It’s not the footwear stocked by local shoe retailers.  This pair of “Kinky Boots” is part of a drag queen’s costume now kicking on stage at Toronto’s Royal Alexandra Theatre.

Based on the 2005 film which was inspired by true events, the stage adaptation earned a 2013 season high 13 nominations and 6 Broadway Tony Awards, including best musical and Best Score for pop singer Cyndi Lauper in her first outing as a Broadway songwriter.

With sexual gender and orientation major conversational topics these days, this hugely enjoyable all-Canadian Mirvish production liberates the inner conscience into accepting who we are (think “La Cage aux Folles,” and “Priscilla Queen of the Desert”).

Right from the opening number, “The Most Beautiful Thing in the World,”  audience response for the iconic fire engine red shoe, as well as for the show, is rapturous.  The knockout chorus of drag queens led by their flamboyant leader, Lola, reminds us the sex is in the stiletto heel.  Adulation for the footwear is well deserved.  From the dimming of the house lights to the final curtain call, we, the patrons eagerly cheer  the characters attempt to save a tired shoe factory from closing.  By the electrifying first-act closing song “Everybody Say Yeah,” the Royal Alex stage is ablaze with a fired up eye-popping, foot-stompin’ spectacle of  colour, and frenetic choreography.

I was thoroughly captivated by the performance realities etched by the lead characters high kicking the unusual story line to its all-stops-out happy ending.

Graham Scott Fleming plays Charlie Price, who reluctantly takes charge of the failing factory after his father dies. Charlie is conflicted over loyalty to his father’s expectations of helming the family firm. and his own desire to follow a real estate career.

Fleming infuses the character with a timid, unassertive vulnerability which eventually stiffens into a positive backbone when manipulated by Lola.  The actor skillfully blends both elements.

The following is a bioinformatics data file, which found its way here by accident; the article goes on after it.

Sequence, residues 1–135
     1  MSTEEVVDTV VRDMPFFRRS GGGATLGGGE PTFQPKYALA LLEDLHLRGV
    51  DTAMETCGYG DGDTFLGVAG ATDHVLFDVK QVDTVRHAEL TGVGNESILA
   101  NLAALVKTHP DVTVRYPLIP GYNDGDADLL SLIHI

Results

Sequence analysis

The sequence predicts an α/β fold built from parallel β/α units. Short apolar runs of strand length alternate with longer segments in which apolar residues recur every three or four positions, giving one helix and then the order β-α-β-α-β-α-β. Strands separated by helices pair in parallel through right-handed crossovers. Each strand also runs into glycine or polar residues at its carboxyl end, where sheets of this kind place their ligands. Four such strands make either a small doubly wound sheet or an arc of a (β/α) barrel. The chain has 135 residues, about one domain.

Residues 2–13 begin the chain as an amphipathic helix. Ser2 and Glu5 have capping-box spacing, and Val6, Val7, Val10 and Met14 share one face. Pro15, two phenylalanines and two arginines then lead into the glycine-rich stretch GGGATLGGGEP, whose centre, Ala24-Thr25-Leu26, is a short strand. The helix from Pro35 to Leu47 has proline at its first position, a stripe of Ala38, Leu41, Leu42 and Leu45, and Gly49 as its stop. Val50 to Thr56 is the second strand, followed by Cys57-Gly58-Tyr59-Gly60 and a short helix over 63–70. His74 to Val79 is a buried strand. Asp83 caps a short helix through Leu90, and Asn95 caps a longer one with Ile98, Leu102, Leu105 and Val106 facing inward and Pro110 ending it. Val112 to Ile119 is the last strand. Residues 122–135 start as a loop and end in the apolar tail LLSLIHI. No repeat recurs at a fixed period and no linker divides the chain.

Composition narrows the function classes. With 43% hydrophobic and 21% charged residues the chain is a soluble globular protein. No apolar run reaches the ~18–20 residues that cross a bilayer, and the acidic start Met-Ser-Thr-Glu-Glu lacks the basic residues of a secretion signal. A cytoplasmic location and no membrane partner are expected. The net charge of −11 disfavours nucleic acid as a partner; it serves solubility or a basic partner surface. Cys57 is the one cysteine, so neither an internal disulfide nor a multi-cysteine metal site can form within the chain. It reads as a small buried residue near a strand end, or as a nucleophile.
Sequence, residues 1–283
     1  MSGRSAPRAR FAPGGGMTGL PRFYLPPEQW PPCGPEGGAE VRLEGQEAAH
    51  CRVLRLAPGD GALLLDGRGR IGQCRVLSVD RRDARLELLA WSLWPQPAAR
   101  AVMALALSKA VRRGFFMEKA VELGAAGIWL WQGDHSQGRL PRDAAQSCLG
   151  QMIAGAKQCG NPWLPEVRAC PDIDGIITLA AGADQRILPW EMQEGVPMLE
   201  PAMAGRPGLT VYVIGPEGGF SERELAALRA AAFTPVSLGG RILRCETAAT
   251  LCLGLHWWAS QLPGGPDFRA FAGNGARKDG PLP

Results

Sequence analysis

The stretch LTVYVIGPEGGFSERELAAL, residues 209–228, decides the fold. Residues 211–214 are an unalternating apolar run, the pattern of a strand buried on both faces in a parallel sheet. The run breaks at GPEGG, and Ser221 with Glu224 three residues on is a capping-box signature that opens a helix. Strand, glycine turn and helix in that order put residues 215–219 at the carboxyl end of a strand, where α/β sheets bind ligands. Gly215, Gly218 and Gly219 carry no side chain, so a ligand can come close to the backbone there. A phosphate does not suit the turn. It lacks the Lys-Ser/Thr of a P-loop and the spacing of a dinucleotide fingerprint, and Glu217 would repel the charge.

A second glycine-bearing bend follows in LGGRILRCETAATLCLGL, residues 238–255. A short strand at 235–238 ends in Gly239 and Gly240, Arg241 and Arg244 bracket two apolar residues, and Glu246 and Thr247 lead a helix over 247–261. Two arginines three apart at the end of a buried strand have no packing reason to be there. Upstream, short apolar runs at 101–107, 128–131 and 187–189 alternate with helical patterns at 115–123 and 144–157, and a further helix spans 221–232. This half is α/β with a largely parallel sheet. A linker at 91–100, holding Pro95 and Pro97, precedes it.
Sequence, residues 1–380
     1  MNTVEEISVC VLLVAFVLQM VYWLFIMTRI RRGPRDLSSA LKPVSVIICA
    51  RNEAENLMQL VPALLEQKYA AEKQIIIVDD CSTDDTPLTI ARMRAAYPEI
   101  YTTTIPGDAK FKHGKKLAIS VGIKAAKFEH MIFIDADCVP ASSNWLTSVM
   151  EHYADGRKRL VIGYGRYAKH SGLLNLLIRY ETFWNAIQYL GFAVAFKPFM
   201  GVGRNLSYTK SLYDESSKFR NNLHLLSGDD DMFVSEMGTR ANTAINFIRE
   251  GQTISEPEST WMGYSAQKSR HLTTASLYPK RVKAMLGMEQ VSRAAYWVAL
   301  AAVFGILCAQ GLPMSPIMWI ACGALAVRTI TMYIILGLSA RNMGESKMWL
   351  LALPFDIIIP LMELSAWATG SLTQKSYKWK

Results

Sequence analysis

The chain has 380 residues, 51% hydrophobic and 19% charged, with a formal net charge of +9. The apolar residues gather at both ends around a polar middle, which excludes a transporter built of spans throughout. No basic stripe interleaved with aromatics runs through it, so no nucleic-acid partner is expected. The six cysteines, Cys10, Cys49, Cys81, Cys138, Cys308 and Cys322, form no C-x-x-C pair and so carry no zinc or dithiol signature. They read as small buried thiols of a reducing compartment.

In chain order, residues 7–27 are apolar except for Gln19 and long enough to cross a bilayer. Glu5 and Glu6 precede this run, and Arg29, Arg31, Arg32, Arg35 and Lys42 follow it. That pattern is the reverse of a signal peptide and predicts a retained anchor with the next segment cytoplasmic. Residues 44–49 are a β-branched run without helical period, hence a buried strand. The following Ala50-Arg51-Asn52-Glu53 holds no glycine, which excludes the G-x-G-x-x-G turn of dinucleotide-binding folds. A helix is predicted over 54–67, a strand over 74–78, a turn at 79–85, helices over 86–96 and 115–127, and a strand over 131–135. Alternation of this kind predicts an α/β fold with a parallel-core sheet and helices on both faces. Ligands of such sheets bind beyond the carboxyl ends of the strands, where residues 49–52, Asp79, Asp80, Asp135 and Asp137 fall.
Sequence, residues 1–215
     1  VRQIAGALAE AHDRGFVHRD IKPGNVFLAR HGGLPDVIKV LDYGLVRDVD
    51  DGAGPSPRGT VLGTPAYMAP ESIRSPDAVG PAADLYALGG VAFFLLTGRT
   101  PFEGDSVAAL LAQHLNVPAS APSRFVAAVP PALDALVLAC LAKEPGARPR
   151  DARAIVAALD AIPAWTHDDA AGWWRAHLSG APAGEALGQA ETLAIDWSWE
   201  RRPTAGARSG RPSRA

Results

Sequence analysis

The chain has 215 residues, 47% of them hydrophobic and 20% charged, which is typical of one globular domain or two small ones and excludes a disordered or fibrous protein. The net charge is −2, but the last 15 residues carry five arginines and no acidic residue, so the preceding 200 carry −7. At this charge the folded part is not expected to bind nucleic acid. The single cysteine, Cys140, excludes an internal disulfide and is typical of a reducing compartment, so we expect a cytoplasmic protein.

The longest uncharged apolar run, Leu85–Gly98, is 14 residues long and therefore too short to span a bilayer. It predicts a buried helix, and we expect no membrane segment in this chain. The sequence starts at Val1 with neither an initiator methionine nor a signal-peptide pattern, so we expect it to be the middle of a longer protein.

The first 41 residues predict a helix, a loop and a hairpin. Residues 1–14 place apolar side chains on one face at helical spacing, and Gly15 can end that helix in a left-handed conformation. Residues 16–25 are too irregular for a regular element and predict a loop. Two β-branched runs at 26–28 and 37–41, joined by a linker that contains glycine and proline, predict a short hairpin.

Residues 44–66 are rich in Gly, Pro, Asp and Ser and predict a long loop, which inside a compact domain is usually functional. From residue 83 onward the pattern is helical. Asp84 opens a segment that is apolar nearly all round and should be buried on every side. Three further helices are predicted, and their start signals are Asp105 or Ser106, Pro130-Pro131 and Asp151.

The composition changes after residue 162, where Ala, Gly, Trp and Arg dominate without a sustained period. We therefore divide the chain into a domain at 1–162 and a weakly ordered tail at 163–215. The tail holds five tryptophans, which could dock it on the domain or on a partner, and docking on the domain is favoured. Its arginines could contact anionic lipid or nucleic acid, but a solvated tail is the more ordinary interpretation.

Alan Mingo Jr. is sensational as “Simon/Lola,” stealing scenes and pretty well the whole show as the wildly engaging female impersonator. “She” spits jocular-tinged sarcasm with rat-a-tat rhythm gleaned from writer Harvey Fierstein’s lively and witty script.   Mingo’s versatile talent is marvelously displayed. “He/she” helps turn the factory into a production line for kinky boots that can hold up to the pressures of male feet – a major plus for drag queens.

Though the show is rooted in an hilarious send up of “men in frocks,” very real emotional moments are dotted throughout the narrative.  One remarkable number, “I’m Not My Father’s Son,” a song about failing to meet parental expectations but discovering yourself is delivered by Charlie and Lola.  As an anthem for finding dignity, Lauper has composed a piece that at once deepens a musical while lifting it higher. Here, it’s a touching rendition.

“Kinky Boots” tells a fresh story, an uphill battle to save a shoe factory – its heartwarming message is a call to understand and have faith in yourself, and to accept the many differences around you. It also manages to squeeze in a lot of sizzling musical numbers amid the chaos of Charlie’s struggle to revive the family business, making for a show that bubbles over with energy.

“Kinky Boots” is a powerful kick of spectacle with hilarity and heart string emotions.  Instead of shoes, buy a ticket.

The show’s schedule has been extended through November 8th at Toronto’s Royal Alexandra Theatre.

Providing a Fresh Perspective for Burlington and Hamilton.

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